Custom Data

So far we’ve talked about creating content as files, but Eleventy also makes it very easy to maintain different data sources. This is called “custom data” and lives as JavaScript module exports or JSON files in the _data directory.

Custom data can be used to:

  • Define a basic JSON array.
  • Return the results of a fetch operation.
  • Retrieve and re-format content from a headless CMS.

Eleventy makes all data from within _data available under a variable matching the filename. For example, if I create posts.json then I can access that in my templates as posts. Using Nunjucks, here’s an example of looping over the posts data:

{% for post in posts %}
  {{ post.title }}
{% endfor %}

Pagination And Creating Pages From Data

In Eleventy terms, pagination refers to iterating over a data set and defining a template for the output of that data “chunk”. This is done with a dedicated file that defines the pagination within frontmatter. The file also includes setting up your intended output for the data, meaning it becomes its own template as well. We can define a layout to send the content to and also add tags to create a collection for ease of reference and flexibility for the output.

Note: If you use custom data to retrieve content from a CMS, then pagination is the Eleventy method you’re looking for to turn that data into pages dynamically.

Here’s an example of referencing our posts custom data which we’ll assume we’re retrieving via a fetch from a headless CMS. Importantly, the size is set to 1, which means each “pagination chunk” should produce one single page of output. We then use the alias to create a reference to the current item in the pagination loop, and then use that reference in the permalink definition and the template body.

The file that defines the pagination can live wherever you’d like within your input directory. My organizational preference is to create a generate directory, and then name it the same as the collection it will be creating. Consider the following to be src/generate/posts.njk:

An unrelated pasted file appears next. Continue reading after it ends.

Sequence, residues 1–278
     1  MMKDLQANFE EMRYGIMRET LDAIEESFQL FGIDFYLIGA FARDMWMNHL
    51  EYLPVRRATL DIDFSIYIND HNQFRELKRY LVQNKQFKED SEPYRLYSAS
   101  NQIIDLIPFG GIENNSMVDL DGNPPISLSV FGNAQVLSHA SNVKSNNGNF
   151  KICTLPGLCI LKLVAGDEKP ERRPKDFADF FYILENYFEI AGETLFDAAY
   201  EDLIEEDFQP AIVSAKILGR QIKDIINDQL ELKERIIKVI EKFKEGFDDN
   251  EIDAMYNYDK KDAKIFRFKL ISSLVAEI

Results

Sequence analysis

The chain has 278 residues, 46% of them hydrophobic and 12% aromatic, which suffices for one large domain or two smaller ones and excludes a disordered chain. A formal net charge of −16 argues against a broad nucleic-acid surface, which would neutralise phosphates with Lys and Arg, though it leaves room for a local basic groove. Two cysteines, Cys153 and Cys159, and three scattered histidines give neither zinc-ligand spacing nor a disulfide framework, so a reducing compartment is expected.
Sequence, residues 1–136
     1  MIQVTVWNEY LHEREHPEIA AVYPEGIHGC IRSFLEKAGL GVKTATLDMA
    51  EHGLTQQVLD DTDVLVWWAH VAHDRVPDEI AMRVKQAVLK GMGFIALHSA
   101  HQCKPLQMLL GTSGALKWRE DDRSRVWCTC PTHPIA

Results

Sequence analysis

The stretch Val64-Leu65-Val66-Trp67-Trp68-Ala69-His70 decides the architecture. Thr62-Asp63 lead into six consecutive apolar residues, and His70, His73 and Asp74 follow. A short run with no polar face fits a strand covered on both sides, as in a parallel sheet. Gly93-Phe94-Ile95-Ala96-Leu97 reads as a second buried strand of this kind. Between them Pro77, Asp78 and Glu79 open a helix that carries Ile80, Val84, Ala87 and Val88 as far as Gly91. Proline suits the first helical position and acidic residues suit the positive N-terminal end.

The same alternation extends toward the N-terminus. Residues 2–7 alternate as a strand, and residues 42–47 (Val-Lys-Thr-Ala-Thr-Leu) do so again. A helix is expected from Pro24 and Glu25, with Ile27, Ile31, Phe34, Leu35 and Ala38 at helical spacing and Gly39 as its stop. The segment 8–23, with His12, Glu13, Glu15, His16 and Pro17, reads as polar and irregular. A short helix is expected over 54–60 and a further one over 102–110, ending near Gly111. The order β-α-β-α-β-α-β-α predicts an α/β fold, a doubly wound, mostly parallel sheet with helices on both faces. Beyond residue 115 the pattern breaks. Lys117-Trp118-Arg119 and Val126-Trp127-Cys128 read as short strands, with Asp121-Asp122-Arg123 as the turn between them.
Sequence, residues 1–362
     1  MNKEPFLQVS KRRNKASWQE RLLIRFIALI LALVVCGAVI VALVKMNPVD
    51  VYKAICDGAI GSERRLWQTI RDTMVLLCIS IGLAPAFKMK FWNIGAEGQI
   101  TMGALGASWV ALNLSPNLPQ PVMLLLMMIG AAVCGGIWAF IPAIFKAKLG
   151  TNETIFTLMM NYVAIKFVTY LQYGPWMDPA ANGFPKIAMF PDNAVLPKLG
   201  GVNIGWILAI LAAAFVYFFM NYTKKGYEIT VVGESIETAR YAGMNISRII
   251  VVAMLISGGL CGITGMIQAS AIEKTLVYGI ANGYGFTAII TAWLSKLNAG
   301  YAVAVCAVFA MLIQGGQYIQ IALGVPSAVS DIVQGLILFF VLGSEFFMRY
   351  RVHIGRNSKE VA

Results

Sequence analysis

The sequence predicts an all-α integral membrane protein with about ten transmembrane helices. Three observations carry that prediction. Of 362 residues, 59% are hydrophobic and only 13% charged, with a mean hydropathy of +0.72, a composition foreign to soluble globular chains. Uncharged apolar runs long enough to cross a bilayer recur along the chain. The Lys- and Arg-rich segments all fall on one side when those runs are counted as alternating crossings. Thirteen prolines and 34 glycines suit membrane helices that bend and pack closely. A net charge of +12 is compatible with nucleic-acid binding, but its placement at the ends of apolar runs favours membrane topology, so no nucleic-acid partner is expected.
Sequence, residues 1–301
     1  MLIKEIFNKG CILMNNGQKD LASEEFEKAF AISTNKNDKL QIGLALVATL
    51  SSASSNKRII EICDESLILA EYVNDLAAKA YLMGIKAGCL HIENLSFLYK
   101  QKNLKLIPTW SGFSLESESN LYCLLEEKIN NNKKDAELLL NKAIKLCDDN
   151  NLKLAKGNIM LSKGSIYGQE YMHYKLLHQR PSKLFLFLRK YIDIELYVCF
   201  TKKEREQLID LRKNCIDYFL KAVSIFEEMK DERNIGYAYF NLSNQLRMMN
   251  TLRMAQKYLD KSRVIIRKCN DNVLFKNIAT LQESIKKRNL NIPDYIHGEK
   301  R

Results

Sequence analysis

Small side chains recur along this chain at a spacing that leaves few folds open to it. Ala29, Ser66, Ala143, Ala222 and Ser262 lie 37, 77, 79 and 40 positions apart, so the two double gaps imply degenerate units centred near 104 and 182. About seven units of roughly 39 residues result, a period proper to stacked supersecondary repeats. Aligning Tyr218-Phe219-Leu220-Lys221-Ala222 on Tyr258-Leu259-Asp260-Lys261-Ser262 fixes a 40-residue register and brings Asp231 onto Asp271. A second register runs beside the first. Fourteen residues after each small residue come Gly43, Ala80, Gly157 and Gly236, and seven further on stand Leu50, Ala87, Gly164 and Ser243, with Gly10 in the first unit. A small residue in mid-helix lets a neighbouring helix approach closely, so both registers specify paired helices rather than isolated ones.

data: posts
  size: 1
  alias: post
  addAllPagesToCollections: true
permalink: "/{{ post.title | slug }}/"
tags: posts
layout: post
templateEngineOverride: njk, md
{{ post.body | safe }}

In this case, the permalink is assigning the page to be output directly off of the site root. You could change this to add a prefix such as /posts/{{ post.title | slug }}, for example.

Additionally, if you want all of the generated pages to be available in the collection created by the tags, you must set addAllPagesToCollections to true to include more than the first item.

Lastly, if your content is coming in as Markdown instead of pre-compiled HTML, you’ll need to use the templateEngineOverride. In the example snippet, I’ve set it to njk, md which means the template content will need to be processed both as Nunjucks in order to convert the variable, and then Markdown to compile the contents returned in the variable.

If you’re wondering what safe means, we’re going to learn that next!

How To Get Started With Eleventy

Alright, so you’re ready to get going with your first Eleventy project! This brief tutorial will help you get a starting structure in place to continue building from. We’ll use the concepts we’ve already learned about and add a few new ideas, too.

The first important note here is that Eleventy is a scoped package, so here’s the install command:

npm install @11ty/eleventy

Next, a handy convenience I like to do is add the following scripts into my package.json:

"scripts": {
  "start": "eleventy --serve",
  "build": "eleventy"

As mentioned previously, the --serve flag will enable a local server via BrowserSync.

My preference is to update the input/output directories as we already looked at, so now it’s time to create some content within src or the input directory of your choosing.

In order to prepare our project to be more flexible and scalable from the start, I would suggest creating at least one layout that contains the HTML5 boilerplate. Layouts need to be defined within a directly called _includes, which is one of a handful of expected directories.